Prologue: It was Friday so in the media industry this means one thing. Lunch at a pub. We had ventured further than our usual haunts of South Melbourne. In fact we had set forth to the previously unheard of lands, North of the Yarra.
To the Spencer Hotel we headed, seated with the ‘best of’ collection of my peeps for what I hoped to be a best of selection of foodstuffs and hoppy goodness.
I tried to order the ‘West Melbourne Draught’ as I can only assume this is a beer available only at The Spencer and thus worthy of my attention as a beer wanker. Alas they were out.
I turned instead to the Lord Nelson Three Sheets.
First expression: After what felt like an eternity, but was most likely five minutes, the bottle arrived at the table. It looked English, but was Australian, like a guy in Manchester United shirt but with good teeth.
Appearance: Three Sheets is a pale ale, it was quite light in colour, with a yeasty cloudy-ness.
Packaging: There is a lot going on in this label, it was as complicated as a $20 note, there is a coat of arms A lion, a unicorn, a picture of Lord Nelson, two different mottos, some nautical flags and a little dude knocking out some semaphore. If my 3 hours as a member of the 4th Mordialloc Sea Scouts has taught me anything he is spelling VICTORY.
Taste:.This is a great beer, It had a full body with slight bitterness. I felt I could taste the yeast, although maybe that was the bread I was eating with it. All in all it was smooth and velvety with a nice mouth feel.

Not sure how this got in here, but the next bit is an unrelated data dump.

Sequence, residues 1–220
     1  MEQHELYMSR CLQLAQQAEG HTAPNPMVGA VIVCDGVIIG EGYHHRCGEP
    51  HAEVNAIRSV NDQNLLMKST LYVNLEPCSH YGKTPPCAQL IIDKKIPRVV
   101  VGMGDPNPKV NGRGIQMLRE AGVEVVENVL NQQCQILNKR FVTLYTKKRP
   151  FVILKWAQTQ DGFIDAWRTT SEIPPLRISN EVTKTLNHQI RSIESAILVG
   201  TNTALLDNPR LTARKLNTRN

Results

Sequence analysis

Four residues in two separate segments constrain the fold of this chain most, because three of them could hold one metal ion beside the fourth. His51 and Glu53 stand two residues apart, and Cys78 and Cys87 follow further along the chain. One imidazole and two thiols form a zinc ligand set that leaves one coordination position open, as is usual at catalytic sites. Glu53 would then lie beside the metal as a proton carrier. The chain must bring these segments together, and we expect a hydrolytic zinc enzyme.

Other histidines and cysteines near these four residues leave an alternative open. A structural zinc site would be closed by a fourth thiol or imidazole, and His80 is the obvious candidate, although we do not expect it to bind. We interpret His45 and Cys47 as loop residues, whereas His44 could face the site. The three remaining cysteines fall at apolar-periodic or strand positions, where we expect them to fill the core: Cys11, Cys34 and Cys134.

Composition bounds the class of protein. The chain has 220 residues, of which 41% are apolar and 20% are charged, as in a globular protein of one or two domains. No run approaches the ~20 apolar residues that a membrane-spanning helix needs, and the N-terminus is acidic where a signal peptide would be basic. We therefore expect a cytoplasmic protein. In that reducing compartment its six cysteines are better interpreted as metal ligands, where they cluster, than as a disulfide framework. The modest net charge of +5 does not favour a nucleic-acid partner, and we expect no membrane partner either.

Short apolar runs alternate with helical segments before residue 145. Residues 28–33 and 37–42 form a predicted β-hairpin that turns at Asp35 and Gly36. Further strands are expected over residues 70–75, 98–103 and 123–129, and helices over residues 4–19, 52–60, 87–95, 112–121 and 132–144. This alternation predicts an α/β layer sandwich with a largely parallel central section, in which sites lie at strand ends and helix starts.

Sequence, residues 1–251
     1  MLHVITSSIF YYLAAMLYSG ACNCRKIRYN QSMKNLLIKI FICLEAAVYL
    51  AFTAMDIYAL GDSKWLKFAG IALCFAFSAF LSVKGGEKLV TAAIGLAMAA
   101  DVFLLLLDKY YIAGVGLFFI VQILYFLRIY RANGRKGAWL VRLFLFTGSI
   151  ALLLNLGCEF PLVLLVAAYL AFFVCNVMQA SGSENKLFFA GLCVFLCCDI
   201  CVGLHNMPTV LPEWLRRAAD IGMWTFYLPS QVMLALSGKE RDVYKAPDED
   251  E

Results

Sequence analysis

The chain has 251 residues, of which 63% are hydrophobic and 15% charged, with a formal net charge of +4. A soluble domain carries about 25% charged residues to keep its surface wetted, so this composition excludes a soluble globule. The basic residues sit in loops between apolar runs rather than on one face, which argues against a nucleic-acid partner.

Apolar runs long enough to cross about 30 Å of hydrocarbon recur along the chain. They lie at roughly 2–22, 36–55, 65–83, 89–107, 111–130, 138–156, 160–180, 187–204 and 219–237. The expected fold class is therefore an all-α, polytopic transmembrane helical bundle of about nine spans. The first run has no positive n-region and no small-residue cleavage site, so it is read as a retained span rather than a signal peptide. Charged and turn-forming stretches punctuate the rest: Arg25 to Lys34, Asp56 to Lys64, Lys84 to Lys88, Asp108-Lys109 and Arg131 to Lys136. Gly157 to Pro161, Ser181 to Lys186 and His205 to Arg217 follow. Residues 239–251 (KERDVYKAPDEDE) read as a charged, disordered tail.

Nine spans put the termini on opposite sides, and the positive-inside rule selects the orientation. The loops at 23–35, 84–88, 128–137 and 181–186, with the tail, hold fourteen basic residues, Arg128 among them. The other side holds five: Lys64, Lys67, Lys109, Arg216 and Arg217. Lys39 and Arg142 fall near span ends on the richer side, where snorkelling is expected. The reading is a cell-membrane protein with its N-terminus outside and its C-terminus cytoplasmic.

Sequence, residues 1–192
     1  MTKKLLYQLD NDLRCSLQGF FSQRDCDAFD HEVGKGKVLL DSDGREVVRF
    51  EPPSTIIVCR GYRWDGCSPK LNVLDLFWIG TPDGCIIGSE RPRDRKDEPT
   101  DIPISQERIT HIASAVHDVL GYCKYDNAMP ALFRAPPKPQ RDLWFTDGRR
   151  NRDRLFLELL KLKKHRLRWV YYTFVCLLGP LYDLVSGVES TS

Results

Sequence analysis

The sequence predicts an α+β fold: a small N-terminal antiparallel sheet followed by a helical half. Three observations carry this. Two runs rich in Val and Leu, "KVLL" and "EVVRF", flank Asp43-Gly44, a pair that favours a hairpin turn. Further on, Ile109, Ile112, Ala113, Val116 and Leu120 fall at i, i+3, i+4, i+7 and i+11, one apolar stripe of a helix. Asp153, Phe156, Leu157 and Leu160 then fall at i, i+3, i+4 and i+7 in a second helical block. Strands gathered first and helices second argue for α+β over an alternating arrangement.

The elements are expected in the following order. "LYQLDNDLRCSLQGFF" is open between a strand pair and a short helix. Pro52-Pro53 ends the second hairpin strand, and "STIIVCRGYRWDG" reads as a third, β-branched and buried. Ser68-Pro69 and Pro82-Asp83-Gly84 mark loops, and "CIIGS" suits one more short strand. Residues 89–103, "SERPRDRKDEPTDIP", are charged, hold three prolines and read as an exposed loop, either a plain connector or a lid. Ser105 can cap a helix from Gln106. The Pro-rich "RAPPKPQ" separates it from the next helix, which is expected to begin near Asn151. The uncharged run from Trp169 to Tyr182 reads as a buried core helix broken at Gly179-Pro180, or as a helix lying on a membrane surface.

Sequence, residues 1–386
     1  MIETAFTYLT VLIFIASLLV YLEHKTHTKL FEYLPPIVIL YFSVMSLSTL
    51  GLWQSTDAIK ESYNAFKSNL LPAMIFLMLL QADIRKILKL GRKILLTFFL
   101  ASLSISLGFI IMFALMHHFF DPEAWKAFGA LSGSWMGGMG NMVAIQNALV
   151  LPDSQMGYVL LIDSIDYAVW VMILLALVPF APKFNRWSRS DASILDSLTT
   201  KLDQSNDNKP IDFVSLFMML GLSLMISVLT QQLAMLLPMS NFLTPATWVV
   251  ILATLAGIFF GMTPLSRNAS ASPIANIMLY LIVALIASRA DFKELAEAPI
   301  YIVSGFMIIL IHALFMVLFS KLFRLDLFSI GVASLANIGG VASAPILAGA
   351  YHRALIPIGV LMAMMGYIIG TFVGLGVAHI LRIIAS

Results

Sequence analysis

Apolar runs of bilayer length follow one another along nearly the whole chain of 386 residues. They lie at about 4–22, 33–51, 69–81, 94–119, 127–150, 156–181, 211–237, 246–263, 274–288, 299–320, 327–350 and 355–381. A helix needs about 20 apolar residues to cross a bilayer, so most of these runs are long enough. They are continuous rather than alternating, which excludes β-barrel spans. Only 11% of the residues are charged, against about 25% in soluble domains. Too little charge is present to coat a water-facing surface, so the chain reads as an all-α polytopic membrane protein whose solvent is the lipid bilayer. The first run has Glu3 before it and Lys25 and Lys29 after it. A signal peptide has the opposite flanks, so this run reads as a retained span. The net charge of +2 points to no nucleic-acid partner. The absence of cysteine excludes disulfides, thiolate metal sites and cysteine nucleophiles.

Food suggestion: The huge resources of the brewer’s nose, my own experience and the waiter told me the perfect dish would be lamb. In fact I ordered a slow roasted lamb shoulder to go with it, but alas the service at The Spencer was ordinary on this particular day so I’d finished the beer before the little lamby arrived.
Random made up Reader’s question: We all know that being ‘Three Sheets to the wind’ means being smashed, you know singing sea shanty songs, making puppy dog jokes but where does ‘Three sheets to the wind’ come from?
To understand this phrase we need to enter the arcane world of nautical terminology. Firstly sheets aren’t sails, as us landlubbers might expect, rather they are ropes (or occasionally, chains). These are fixed to the lower corners of sails, to hold them in place.
If three sheets are loose and blowing about in the wind then the sails will flap and the boat will lurch about like a drunken sailor.
The phrase is these days more often given as ‘three sheets to the wind’, rather than the original ‘three sheets in the wind’. The earliest printed citation is in Pierce Egan’s Real Life in London, 1821:
“Old Wax and Bristles is about three sheets in the wind.”
Sailors at that time had a sliding scale of drunkenness (smart sailors); three sheets was the falling over stage; tipsy was just ‘one sheet in the wind’. An example appears in the novel The Fisher’s Daughter, by Catherine Ward, 1824:
“Wolf replenished his glass at the request of Mr. Blust, who, instead of being one sheet in the wind, was likely to get to three before he took his departure.”
In a word: Arghhh, me hearties
6 degrees of Norm: Where we link every beer back to George Wendt (Norm from Cheers)
1. Lord Nelson’s first name was Hoartio
2. As is David Caruso’s character in ‘CSI Miami’
3. Who was also in ‘Hudon Hawk’ with Bruce Willis
4. Who was the voice of the kid in ‘Look who’s Talking’
5. Which also starred Kirstie Alley
6. Who played Rebecca Howe in Cheers and served beer to Norm.
Ranking: I’ll have a Pint thanks.